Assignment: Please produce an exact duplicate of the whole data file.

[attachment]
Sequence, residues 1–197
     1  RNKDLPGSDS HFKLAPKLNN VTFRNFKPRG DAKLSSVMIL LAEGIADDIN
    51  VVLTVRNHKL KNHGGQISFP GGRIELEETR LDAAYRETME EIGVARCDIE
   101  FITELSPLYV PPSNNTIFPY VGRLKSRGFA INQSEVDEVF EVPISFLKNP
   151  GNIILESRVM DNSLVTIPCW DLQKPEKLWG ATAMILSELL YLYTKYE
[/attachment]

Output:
Sequence, residues 1–197
     1  RNKDLPGSDS HFKLAPKLNN VTFRNFKPRG DAKLSSVMIL LAEGIADDIN
    51  VVLTVRNHKL KNHGGQISFP GGRIELEETR LDAAYRETME EIGVARCDIE
   101  FITELSPLYV PPSNNTIFPY VGRLKSRGFA INQSEVDEVF EVPISFLKNP
   151  GNIILESRVM DNSLVTIPCW DLQKPEKLWG ATAMILSELL YLYTKYE